272 pages, 2 b/w illus, 64 figs, 18 tabs
The rise in the concentration of CO2 in the atmosphere since the start of industrialization, and the global warming associated with this greenhouse gas, has stimulated research into the response of plants to elevated levels of CO2. Much of this work has been carried out in controlled environments which provide limited information about long-term effects on vegetation. In contrast, CO2-emitting mineral springs provide a unique opportunity to consider vegetation which has endured over many generations at naturally elevated levels of CO2.
This volume presents findings from a range of sites, confirming the potential of these natural laboratories in the investigation of this important aspect of climate change.
Paperback re-issue; originally published in 1997.
'! an excellent overview of ongoing and planned research ! I recommend this book to everyone working in this field.' Stephen Hattenschwiler, Trends in Ecology and Evolution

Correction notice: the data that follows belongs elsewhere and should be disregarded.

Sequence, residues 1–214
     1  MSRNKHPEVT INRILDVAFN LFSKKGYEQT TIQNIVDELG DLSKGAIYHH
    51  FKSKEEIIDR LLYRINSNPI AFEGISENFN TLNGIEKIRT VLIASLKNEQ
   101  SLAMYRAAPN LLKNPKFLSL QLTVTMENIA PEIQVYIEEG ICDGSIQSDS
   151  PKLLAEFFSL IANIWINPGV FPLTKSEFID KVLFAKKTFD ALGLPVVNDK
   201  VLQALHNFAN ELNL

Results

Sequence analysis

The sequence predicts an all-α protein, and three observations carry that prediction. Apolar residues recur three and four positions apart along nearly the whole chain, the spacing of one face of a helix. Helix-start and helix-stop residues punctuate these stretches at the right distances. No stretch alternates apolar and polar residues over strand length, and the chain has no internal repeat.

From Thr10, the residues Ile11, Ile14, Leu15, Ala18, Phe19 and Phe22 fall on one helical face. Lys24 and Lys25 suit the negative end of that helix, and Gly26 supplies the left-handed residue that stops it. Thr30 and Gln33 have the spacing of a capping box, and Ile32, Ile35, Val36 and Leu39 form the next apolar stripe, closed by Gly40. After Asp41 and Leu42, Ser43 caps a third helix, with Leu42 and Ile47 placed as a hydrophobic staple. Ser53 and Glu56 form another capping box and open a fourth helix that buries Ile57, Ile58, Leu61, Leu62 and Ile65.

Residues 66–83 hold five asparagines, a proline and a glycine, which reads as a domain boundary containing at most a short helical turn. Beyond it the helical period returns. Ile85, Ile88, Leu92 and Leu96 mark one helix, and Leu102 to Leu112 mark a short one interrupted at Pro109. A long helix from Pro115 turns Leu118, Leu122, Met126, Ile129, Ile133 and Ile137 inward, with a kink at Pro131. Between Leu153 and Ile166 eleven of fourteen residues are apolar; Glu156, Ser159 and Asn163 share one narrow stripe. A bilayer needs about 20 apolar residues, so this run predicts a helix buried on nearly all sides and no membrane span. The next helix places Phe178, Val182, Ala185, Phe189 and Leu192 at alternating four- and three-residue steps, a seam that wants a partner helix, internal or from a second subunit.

Preface; 1. Sites of naturally-elevated CO2 J. Grace and P. van Gardingen; 2. Migration in the ground of CO2 and other volatile contaminants. Theory and survey G. Etiope; 3. Levels of CO2 leakage in relation to geology G. Etiope and S. Lombardi; 4. CO2 emission in volcanic areas: case histories and hazards M. Martini; 5. Controlled degassing of lakes with high CO2 content in Cameroon: an opportunity for ecosystem CO2-enrichment experiments M. Mousseau, Z. Enoch and J. Sabroux; 6. Burning coal seams in southern Utah: a natural system for studies of plant responses to elevated CO2 J. Ehleringer, D. Sandquist and S. Philips; 7. Long-term effects of enhanced CO2 concentrations on leaf gas exchange: research opportunities using CO2 springs P. van Gardingen, J. Grace, C. Jeffree, S. Byari, F. Miglietta, A. Raschi and I. Bettarini; 8. Using Icelandic CO2 springs to understand the long-term effects of elevated atmospheric CO2 A. Cook, W. Oechel and B. Sveinbjornsson; 9. Plant-CO2 responses in the long term: plants from CO2 springs in Florida and tombs in Egypt F. Woodward and D. Beerling; 10. Acidophilic grass communities of CO2 springs in central Italy: composition, structure and ecology F. Selvi; 11. Studying morpho-physiological responses of scirpus lacustris from naturally CO2-enriched environments I. Bettarini, F. Miglietta and A. Raschi; 12. Carbon physiology of quercus pubescens wild. Growing at the Bossoleto CO2 spring in central Italy J. Johnson, M. Michelozzi and R. Tognetti; 13. Preliminary results on dissolved inorganic 13C and 14C content of a CO2-rich mineral spring of Catalonia (NE Spain) and of plants growing in its surroundings J. Pinol and J. Terradas; 14. The impact of elevated CO2 on the growth of agrostis canina and plantago major adapted to contrasting CO2 concentrations M. Fordham, J. Barnes, I Bettarini, H. Griffiths, F. Miglietta and A. Raschi; 15. Stomatal numbers in holm oak (Quercus ilex L.) leaves grown in naturally and artificially CO2 enriched environments E. Paoletti, F. Miglietta, A. Raschi, F. Manes and P. Grossoni; 16. Effects of CO2 on NH4+ assimilation by cyanidium caldarium, an acidophilic hot springs and hot soils unicellular alga C. Rigano, V. di Martino Rigano, V. Vona, S. Esposito and C. di Martino; 17. Can rising CO2 alleviate oxidative risk for the plant cell? Testing the hypothesis under natural CO2 enrichment M. Badini, A. Paolacci, A. D'Annibale, F. Miglietta and A. Raschi; 18. Increasing concentration of atmospheric CO2 and decomposition processes in forest ecosystems P. Ineson and F. Cotrufo; Index.
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